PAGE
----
News & Events


Uncovering how cells control their protein output

January 4, 2023

Gene-Wei Li investigates the rules that cells use to maintain the correct ratio of the proteins they need to survive.

A typical bacterial genome contains more than 4,000 genes, which encode all of the proteins that the cells need to survive. How do cells know just how much of each protein they need for their everyday functions?

Gene-Wei Li, an MIT associate professor of biology, is trying to answer that question. A physicist by training, he uses genome-wide measurements and biophysical modeling to quantify cells’ protein production and discover how cells achieve such precise control of those quantities.

Using those techniques, Li has found that cells appear to strictly control the ratios of proteins that they produce, and that these ratios are consistent across cell types and across species.

“Coming from a physics...


A new control system for synthetic genes

November 1, 2022

Researchers have developed a technique that could help fine-tune the production of monoclonal antibodies and other useful proteins.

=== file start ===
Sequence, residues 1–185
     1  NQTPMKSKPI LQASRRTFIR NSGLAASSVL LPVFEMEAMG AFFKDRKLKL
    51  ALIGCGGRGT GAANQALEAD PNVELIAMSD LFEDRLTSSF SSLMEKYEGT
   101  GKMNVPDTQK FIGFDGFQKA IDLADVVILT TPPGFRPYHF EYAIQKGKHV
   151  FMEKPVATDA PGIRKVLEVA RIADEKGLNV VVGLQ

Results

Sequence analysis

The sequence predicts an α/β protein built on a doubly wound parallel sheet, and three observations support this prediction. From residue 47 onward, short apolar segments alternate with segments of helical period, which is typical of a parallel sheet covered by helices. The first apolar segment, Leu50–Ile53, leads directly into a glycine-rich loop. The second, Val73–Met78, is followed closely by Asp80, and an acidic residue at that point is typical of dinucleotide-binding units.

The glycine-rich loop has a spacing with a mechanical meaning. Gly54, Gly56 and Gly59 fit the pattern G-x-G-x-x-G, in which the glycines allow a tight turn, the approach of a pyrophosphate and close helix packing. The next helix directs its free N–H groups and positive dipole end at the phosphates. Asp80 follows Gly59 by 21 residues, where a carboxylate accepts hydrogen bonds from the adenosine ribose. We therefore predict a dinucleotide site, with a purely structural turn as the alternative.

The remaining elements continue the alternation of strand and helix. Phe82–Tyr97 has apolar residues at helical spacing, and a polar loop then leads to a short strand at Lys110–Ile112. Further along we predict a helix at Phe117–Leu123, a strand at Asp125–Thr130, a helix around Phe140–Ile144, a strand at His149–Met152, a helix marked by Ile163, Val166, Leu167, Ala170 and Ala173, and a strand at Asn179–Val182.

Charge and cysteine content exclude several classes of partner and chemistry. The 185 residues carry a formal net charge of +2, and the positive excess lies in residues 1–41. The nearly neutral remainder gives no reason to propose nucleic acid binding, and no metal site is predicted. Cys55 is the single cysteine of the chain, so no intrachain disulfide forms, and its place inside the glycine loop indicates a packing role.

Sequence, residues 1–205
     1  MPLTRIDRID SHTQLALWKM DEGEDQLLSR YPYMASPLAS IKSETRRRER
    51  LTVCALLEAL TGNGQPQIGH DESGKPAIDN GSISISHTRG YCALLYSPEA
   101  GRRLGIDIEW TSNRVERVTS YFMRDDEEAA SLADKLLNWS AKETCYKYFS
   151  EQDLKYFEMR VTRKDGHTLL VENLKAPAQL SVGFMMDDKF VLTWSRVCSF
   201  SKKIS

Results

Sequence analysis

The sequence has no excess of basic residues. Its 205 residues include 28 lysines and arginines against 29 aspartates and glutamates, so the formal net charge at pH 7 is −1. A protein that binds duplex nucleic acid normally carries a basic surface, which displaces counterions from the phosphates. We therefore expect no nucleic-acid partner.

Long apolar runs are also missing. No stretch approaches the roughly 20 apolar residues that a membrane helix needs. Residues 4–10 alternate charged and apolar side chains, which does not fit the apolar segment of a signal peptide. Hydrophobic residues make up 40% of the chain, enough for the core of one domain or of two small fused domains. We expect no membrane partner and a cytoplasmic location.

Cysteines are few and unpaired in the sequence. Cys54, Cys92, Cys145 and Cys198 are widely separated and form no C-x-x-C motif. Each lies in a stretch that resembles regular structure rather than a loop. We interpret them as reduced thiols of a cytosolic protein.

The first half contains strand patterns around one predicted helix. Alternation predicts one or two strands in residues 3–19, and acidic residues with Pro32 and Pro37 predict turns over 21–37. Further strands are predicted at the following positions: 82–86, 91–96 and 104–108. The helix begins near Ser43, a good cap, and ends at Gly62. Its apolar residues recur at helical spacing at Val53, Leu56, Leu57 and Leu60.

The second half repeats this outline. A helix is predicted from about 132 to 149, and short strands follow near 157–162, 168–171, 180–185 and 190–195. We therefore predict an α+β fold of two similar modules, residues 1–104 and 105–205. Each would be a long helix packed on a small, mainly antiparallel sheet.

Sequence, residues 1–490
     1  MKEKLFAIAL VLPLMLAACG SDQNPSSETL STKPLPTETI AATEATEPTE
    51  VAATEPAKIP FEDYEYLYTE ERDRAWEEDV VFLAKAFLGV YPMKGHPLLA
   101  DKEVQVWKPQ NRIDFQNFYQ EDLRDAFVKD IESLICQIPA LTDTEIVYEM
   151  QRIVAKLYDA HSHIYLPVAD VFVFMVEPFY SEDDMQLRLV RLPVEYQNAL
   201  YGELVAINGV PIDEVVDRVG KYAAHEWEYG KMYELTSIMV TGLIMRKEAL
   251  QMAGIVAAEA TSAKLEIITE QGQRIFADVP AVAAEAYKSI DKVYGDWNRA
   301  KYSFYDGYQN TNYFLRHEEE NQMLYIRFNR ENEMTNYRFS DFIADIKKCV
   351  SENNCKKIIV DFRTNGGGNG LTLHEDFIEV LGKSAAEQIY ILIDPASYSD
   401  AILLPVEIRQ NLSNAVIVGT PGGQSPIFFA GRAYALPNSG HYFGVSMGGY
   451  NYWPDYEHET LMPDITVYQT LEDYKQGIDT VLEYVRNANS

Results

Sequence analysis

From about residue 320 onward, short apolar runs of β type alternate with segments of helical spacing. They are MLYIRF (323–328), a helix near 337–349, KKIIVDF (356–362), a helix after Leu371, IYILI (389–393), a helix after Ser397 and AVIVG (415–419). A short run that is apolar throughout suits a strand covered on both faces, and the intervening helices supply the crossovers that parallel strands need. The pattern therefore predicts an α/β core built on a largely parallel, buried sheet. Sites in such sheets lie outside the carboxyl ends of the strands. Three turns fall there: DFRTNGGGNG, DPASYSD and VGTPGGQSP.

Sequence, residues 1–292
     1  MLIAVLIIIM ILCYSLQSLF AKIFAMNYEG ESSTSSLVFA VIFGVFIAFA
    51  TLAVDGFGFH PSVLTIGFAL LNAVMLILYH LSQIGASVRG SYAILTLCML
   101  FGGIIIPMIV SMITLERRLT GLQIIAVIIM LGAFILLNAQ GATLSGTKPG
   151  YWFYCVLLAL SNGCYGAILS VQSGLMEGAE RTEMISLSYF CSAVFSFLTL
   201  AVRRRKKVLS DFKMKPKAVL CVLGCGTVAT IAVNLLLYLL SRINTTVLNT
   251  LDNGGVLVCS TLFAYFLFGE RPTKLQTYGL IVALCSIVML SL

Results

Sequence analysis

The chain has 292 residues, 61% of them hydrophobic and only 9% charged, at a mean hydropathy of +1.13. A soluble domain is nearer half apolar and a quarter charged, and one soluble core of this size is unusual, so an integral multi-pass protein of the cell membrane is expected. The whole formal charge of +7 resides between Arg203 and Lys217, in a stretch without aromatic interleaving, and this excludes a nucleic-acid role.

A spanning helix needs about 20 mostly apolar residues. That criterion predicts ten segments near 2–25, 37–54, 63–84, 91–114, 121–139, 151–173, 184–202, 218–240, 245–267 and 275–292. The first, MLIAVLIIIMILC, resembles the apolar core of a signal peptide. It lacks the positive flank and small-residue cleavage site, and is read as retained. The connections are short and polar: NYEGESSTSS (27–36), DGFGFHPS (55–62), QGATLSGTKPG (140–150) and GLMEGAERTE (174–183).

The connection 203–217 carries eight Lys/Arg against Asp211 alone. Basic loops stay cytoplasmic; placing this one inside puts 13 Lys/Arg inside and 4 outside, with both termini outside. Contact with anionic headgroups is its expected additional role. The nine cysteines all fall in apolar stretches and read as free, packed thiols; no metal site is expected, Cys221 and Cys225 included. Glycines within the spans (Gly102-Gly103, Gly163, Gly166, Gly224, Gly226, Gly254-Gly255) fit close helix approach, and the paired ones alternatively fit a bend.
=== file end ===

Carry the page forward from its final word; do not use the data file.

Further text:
A “door” into the mitochondrial membrane

October 25, 2022

Study finds the protein MTCH2 is responsible for shuttling various other proteins into the membrane of mitochondria. The finding could have implications for cancer treatments and MTCH2-linked conditions.




What drives ecosystems to instability?

October 6, 2022

With only a little information, researchers can predict the circumstances under which an ecosystem will be stable or unstable.

MIT researchers studied ecosystems of up to 48 species of bacteria and discovered how the communities shift from stable to unstable states. 

Credits:Image: William Lopes, Gore Lab


Trying to decipher all of the factors that influence the behavior of complex ecological communities can be a daunting task. However, MIT researchers have now shown that the behavior of these ecosystems can be predicted based on just two pieces of information: the number of species in the community and how strongly they interact with each other.

In studies of bacteria grown in the lab, the researchers were able to define three states of...